Four teens must cling to each other for survival when they find that their remote wilderness boarding school is actually a school for vampires who are all too eager to feast on their new classmates.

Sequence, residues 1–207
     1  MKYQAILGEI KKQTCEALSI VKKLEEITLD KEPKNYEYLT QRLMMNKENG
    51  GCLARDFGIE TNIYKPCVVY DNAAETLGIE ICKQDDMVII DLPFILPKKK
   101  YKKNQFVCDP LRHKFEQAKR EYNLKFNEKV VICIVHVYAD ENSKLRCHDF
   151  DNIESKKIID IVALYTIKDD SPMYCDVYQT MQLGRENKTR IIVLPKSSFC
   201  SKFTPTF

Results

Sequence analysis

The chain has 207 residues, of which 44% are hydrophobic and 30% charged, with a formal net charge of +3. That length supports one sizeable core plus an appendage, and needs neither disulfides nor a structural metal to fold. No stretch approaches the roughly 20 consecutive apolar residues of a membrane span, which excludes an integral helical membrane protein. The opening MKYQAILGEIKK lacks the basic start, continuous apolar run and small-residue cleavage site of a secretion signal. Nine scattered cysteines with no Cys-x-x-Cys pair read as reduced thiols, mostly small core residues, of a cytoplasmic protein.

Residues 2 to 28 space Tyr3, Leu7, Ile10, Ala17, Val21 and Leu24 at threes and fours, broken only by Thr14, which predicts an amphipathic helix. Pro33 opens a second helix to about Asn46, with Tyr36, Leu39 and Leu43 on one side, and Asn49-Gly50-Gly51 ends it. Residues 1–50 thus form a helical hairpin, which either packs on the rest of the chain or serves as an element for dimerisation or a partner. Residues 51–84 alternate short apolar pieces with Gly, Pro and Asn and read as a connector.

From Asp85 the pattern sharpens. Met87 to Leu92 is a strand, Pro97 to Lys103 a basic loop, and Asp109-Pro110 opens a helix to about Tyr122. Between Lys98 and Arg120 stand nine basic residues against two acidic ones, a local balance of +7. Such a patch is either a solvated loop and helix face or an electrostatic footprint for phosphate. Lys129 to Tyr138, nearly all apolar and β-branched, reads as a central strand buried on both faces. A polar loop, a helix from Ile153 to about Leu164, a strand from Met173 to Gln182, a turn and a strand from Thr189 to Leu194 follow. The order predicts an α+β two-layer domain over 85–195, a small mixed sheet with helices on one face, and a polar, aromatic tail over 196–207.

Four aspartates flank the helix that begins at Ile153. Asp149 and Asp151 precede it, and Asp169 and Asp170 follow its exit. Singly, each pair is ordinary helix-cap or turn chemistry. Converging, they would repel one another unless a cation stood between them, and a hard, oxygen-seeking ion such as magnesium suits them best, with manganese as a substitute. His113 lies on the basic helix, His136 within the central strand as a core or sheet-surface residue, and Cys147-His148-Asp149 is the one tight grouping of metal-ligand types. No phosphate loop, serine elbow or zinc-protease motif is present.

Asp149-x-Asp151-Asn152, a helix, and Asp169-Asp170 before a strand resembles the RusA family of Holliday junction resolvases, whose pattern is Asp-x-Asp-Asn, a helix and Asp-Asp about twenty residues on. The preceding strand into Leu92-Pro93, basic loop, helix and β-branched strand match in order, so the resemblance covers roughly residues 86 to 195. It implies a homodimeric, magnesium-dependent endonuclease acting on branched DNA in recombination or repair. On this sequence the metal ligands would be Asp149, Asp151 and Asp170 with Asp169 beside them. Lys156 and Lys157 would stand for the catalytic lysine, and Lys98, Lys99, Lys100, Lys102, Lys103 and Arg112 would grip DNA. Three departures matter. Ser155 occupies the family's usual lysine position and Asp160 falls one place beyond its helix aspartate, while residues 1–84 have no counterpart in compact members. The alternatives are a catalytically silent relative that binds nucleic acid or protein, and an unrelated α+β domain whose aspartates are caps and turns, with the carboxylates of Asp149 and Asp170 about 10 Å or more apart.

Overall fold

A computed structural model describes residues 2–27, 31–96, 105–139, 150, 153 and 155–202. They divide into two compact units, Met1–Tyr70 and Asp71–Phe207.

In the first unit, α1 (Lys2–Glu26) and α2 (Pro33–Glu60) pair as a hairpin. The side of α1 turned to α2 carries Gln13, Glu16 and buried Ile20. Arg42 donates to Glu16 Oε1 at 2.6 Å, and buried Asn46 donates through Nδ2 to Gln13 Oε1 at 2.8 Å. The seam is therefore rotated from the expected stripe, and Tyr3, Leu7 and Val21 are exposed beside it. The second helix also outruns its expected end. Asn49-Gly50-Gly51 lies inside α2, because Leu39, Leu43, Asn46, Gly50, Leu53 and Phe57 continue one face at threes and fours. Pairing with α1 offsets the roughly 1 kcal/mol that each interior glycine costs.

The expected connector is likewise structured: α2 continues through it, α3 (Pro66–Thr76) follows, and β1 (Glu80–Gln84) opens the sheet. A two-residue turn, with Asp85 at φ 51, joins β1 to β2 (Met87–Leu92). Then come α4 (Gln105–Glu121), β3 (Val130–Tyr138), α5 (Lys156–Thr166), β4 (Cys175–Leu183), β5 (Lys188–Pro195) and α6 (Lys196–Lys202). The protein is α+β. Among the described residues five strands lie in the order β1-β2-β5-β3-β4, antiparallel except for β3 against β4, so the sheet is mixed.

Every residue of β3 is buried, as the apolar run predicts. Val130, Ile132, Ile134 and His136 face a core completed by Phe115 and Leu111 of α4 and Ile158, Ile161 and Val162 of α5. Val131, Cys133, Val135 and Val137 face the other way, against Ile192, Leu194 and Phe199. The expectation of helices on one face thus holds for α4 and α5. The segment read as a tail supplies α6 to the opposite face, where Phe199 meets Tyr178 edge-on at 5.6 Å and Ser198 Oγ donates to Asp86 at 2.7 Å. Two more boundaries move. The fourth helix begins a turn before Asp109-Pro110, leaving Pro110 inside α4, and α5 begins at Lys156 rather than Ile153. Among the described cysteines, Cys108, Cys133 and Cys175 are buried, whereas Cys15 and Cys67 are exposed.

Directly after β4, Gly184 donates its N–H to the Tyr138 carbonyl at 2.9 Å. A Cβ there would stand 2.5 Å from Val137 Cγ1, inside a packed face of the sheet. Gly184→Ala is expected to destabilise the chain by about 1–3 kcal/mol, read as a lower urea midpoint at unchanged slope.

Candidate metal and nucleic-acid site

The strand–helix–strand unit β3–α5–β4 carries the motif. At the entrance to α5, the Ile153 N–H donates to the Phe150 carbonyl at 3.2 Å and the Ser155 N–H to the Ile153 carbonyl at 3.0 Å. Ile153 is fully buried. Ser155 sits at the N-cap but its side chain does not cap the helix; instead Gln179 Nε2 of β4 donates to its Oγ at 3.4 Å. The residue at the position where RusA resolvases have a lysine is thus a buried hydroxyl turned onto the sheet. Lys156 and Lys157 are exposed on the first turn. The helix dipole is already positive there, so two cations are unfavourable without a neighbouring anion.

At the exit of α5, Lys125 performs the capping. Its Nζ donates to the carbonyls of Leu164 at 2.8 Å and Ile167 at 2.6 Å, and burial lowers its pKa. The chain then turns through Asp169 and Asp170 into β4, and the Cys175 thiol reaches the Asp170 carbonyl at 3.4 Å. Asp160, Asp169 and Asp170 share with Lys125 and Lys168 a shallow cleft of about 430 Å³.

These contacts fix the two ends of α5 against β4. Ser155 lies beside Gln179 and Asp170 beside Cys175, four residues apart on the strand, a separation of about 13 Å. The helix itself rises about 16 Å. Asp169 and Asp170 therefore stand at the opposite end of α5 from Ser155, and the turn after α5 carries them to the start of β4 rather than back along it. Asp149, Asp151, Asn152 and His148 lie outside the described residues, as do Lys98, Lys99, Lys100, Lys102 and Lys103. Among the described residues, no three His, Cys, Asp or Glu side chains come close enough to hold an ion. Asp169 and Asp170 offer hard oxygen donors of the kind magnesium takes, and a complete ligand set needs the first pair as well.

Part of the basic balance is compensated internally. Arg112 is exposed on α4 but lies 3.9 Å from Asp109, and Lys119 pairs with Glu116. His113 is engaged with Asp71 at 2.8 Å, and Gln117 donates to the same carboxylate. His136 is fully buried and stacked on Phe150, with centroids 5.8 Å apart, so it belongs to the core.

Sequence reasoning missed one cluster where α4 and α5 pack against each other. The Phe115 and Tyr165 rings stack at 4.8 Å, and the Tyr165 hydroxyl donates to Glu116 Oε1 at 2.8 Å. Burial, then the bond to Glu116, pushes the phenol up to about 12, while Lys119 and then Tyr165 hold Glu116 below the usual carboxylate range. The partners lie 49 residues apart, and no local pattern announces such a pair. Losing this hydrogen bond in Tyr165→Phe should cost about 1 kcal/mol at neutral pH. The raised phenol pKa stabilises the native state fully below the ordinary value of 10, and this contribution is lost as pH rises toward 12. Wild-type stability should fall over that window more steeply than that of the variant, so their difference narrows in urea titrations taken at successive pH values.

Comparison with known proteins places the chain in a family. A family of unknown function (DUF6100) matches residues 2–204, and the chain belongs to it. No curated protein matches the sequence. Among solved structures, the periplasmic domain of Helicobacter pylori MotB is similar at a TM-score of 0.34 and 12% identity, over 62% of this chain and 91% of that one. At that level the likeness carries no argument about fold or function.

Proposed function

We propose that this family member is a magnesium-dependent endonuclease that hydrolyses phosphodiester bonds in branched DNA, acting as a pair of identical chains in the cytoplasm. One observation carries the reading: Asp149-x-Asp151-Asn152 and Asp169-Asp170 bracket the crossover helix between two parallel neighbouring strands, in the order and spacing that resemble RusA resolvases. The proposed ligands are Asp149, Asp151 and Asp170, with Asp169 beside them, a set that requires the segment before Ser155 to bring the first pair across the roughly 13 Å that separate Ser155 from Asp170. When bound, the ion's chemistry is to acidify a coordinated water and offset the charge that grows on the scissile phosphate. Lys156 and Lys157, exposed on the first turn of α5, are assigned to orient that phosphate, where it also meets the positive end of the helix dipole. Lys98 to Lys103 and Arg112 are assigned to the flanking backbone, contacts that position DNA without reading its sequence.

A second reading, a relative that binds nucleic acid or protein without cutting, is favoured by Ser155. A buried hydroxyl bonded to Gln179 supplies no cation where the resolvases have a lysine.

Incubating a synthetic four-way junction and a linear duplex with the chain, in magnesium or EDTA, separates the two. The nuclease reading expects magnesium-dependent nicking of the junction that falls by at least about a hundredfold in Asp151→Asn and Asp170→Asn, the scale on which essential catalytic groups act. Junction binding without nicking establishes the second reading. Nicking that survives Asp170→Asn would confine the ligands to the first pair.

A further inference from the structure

Jung Soo, Hector Campos, Kathy Campion-Swink and Lionel Worthington each have different reasons for accepting scholarships to the Sawtooth Wilderness Academy: Soo loves the mountains and hopes to improve her English; Hector is offered the school as an alternative to juvie; Kathy has run away from a slew of boarding schools, and her parents were reassured to hear the academy has never had a successful runaway; and Lionel, who dreams of joining the Chicago Symphony Orchestra, has been promised private violin instruction at the academy after cuts to arts funding and rejectionfrom the Chicago High School for the Arts left him without other routes to pursue his dreams. Little do they know that the academy is actually a school for vampires; it has recently become a public charter school in order to accept state funding. To keep its funding, however, the school must pass an inspection by the school board, demonstrating a certain level of diversity, which the student body is severely lacking—that’s where the scholarship students come in. While the faculty has taken measures to protect the new students during the weeks leading up to the inspection, that hardly makes them feel safe: The Satanic Legion’s strong presence in the school is dying to find a way around the rules, and the moody, unpredictable teenage vampires constantly drool over them as a convenient source of nutrition. While they quickly find allies among the students and faculty, the main characters know they must escape. But how? And who will get hurt in the process? Schechter (Murder in Millbrook, 2012) manages to explore complex questions about ethics, diversity and culture without proselytizing to readers or detracting from an absolutely riveting storyline that few YA authors beyond Neal Shusterman have pulled off. The slow, sophisticated narrative structure reflects Shusterman’s, using multiple points of view and a lot of patience to allow readers to form their own opinions about richly developed characters as the story unfolds. While fans of teen vampires will be delighted to find something different, teen dystopia and horror fans who turn their noses up at the genre should certainly make an exception for this smart, fun read from an up-and-coming YA author.